Spring Has Sprung?

Is the Fed’s liquidity attack winning the war on deflation? This morning’s update on wholesale prices, new housing starts and new building permits offers a few reasons for answering with a tenuous “yes.” Maybe. Even if that’s true, we’re a long way from a “recovery” that’s worthy of the name. But perhaps the blood will run a little slower; perhaps it’ll stop flowing altogether. Stranger things have happened.

First let’s take a look at prices. The Producer Price Index (PPI) for February rose a modest 0.1%, the Bureau of Labor Statistics reports. That follows January’s roaring 0.8% jump. And not a moment too soon, in the wake of large back-to-back monthly declines last year in PPI from August through December. A similar run of deflation has weighed on consumer prices as well.

Is it safe to declare the deflation risk over? No, not yet, but it’s not too soon to start thinking about the light at the end of the tunnel, dim though it’s likely to be for the time being. We’ve been arguing for some time that the first priority for the economy is nipping deflation in the bud. Without that, broader progress on 1) stopping the bleeding; and 2) laying the groundwork for recovery isn’t possible.

Ultimately, returning the economy to a state of inflation (ideally in a modest dose) is within reach for a determined central bank. Printing money, after all, comes naturally the Fed and so reversing deflation is possible and even probable. Assuming the leadership pursues the goal. Cranking up the printing presses a bit more–perhaps a lot more—offers a solution. Only timing is unclear. As for minting fresh currency, there’s no question of the recent trend. M1 money supply rose by nearly 24% during the 6 months through last month, at a seasonally adjusted annual rate, the Fed advises. Suffice to say, that’s an unmistakable sign of easy money at a time when the economy’s contracting.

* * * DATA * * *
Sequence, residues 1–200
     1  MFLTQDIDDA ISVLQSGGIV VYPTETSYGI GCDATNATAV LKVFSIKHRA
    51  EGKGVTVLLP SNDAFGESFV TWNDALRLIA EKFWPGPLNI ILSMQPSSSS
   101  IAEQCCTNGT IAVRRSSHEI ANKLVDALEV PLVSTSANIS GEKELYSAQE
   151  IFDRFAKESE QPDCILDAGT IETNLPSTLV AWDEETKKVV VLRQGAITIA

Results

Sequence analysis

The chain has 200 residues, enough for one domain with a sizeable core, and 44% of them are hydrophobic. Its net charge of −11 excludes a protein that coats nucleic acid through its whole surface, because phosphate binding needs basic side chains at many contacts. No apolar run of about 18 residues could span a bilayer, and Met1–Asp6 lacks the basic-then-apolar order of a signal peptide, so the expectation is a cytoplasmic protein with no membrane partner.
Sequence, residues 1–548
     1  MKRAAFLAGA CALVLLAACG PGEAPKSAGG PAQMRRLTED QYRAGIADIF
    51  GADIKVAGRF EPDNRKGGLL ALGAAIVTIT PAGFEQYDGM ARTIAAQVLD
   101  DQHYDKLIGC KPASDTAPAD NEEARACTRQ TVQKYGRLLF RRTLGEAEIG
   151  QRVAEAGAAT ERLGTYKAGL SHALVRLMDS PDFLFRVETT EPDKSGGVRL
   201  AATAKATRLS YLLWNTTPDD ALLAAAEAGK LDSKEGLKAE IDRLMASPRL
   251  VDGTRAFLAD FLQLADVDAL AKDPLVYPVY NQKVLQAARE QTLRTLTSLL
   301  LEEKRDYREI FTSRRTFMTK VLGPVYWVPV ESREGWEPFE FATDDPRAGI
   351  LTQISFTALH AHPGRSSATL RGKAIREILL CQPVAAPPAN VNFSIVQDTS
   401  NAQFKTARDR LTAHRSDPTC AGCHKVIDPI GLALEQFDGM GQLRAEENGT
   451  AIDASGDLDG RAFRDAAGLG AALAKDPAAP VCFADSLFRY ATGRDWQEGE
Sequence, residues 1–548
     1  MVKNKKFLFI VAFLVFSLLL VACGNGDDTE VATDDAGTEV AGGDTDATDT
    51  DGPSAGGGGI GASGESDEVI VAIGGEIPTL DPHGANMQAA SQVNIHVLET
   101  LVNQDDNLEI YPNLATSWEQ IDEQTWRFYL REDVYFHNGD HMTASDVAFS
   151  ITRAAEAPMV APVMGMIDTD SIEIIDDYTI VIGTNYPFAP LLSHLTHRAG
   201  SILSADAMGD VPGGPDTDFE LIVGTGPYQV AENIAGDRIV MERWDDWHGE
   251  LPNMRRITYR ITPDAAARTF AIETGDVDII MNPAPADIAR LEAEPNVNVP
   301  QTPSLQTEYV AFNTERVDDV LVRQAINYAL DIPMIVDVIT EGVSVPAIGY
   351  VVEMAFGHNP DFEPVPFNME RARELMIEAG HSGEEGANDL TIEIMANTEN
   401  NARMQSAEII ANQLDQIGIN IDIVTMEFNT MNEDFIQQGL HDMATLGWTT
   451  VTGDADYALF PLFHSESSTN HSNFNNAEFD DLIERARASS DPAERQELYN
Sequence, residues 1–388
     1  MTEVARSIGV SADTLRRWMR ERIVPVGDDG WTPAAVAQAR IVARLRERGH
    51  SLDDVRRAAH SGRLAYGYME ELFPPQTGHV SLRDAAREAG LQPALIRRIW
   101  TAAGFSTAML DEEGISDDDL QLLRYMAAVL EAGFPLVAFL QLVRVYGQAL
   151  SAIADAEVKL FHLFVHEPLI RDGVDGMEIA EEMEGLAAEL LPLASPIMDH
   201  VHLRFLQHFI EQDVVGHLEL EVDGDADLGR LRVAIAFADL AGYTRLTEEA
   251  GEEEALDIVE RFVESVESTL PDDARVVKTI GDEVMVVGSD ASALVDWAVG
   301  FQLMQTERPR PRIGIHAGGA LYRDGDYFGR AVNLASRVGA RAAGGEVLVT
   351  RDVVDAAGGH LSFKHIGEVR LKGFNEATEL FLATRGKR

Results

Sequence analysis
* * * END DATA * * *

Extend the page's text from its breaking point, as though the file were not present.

To its credit, the Fed has been aggressively battling the deflation risk, and we’re starting to see some of the fruits of that struggle. Particularly encouraging is the fact that core PPI (excluding food and energy) rose last month as well—up 0.2%. In fact, that’s the third straight month that core PPI has posted a monthly gain.

There’s also good news in the housing market this morning. New housing starts jumped 22% last month vs. January, the Census Bureau reports. That’s the first rise since last June. Meanwhile, new building permits climbed 3% in February, which is also the first advance since June. Since permits are a measure of future activity, it’s clear that someone out there is beginning to respond to the low interest rates and the recognition that the economy will one day (gasp!) expand, if only a little.

No one should overestimate the implications here. Although the news on prices and housing is welcome, it may yet prove to be noise in an otherwise receding economy. Given the extent of the problems near and far, prudence suggests that today’s reports are, at best, a sign of a bottoming-out process for the economy, and an early one at that. Let’s not forget that just yesterday the Fed told us that industrial production continued its decline in February. The negative momentum, despite today’s news, still has the upper hand.

The idea that growth might one day soon is still too much to fathom at this point. More likely, the correction will continue to take a toll, as consumers pay for their years of binging by jumping on the savings bandwagon. Indeed, the labor market remains weak and there’s no reason to think that job destruction has yet run its course, as we discussed earlier this month.

That leaves us to look for signs of confirmation that today’s new is more than just a dead cat bounce. We can start by looking at tomorrow’s consumer price report for February, followed by the weekly jobless claims news on Thursday.

About James Picerno 894 Articles

James Picerno is a financial journalist who has been writing about finance and investment theory for more than twenty years. He writes for trade magazines read by financial professionals and financial advisers.

Over the years, he’s written for the Wall Street Journal, Barron’s, Bloomberg, Dow Jones, Reuters.

Visit: The Capital Spectator

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